Most of you know that I'm home bound. I have driven a car three times this year. I have been home bound so long that I have gotten way past what people call "cabin fever." My house is now my sanctuary. Not as in Merriam-Webster's first definition of sanctuary: "a consecrated place" but more like the second definition: "a place of refuge and protection." My house and backyard are a refuge from my diseases.
It seems strange that the place I am essentially bound to because of disease would also be a place where I find refuge. It has not always been this way. I used to think there might as well be bars on the windows and doors as this house has at times felt like a jail. But, over the years I have learned that I have to work at finding a way to live with joy. And changing my home into a sanctuary has been part of that work.
A wood framed rocking chair with vinyl cushions covered with cloth used to belong to my paternal grandparents and now sits in the room that was going to be a nursery but now is referred to as the "sitting room". Surprisingly, the cushions are comfortable, the rocking is comforting and there are enough dog beds to go around for the dogs that do not fit on my lap.
George, myself and our three dogs live in a bi-level home, but when my Migraine is severe or I'm having a Meniere's attack, it is impossible for me to make it safely down the stairs. Last November, we completely remodeled our lower-level living area because we were in the process of starting a family through adoption. It was not until this June that the beautiful space stopped being a storage area and became another calming living area.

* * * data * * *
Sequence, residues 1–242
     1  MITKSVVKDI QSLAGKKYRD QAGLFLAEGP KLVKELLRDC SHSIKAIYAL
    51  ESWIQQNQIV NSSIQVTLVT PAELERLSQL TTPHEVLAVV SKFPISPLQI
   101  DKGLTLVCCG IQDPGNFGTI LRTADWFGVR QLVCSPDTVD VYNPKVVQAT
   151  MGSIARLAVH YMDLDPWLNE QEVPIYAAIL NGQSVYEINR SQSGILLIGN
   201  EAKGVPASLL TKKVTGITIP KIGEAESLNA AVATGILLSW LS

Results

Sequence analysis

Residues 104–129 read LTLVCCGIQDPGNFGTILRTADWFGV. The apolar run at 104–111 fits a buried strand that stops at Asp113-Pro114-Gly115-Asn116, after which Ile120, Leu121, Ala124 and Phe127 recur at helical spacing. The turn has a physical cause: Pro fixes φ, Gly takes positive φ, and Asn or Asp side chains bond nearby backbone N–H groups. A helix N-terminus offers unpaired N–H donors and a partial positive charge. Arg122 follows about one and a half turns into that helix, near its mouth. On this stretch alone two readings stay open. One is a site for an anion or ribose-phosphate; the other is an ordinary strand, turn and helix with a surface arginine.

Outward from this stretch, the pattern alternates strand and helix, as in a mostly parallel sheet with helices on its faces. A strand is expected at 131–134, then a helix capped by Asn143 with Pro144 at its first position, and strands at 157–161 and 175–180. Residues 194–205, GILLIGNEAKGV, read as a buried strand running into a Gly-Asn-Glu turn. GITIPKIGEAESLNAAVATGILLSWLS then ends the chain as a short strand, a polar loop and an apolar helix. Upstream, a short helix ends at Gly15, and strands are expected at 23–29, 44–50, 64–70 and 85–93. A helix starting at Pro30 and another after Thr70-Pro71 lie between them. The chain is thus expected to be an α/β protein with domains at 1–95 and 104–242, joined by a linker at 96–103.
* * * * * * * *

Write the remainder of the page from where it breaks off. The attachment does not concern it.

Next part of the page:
We even bought a Beta fish at the recommendation of my counselor/therapist and I must say that watching "little blue" swim around his tank is soothing to the soul.
We have two blue Adirondack chairs on our deck to remind me of our time at the beach house in the Outer Banks. We also have a shaded cushioned bench swing in our yard.
Last night George and I discussed rearranging furniture upstairs so I could have yet another upstairs place that is not facing a television to be, to cuddle with the dogs, to read and to write.
This is my sanctuary. Except my bedroom.
Last week, I was bed bound. Being bed bound is the worst. When I am bed bound, my Migraine is so severe that I cannot get vertical (i.e. sit up in bed) without feeling a trillion times worse. If I could get vertical, I'd be out on the couch because I hate my bedroom with a passion. Walking the ten feet from the bed to the bathroom is a form of torture. My bedroom becomes a jail cell of sky blue walls and dark navy black-out curtains and an item not included in most cells, a brain-sucker: a Samsung flatscreen television, which with the exception of a couple shows is a necessary evil.
Over the course of time, in brainstorming ways to change-up the look of our bedroom, George and I have re-arranged furniture, bought a bigger bed, changed the pictures on the walls, changed the color of the black-out curtains, and switched sides of the bed that we sleep on. After five and a half years of blue sky walls, I would love to feel well enough to paint them a new color.
My six year anniversary of chronic Migraine disease and constant headache (New Daily Persistant Headache) is tomorrow and most of those six years were spent watching mindless tv because I could do nothing else. When I could knit, I did. When I can write, I do. When I can photograph, I try. When I can read, I will. But, when I am bed bound I usually cannot do any of these. I desperately hope the hours will pass quickly with each tv show I watch. I am an early riser these days, and the middle of last week I broke down into tears when the clock read "9:07am" because I had thought it was closer to 11:00am. Time stretches during Migraine attacks and for this reason, I try to avoid looking at the clock.
I have not yet gotten to finding sanctuary in my bedroom, and never may. So far, the only sanctuary I have found in my bedroom is within myself. I have found refuge in my inner sanctuary where I am with God and he is with me.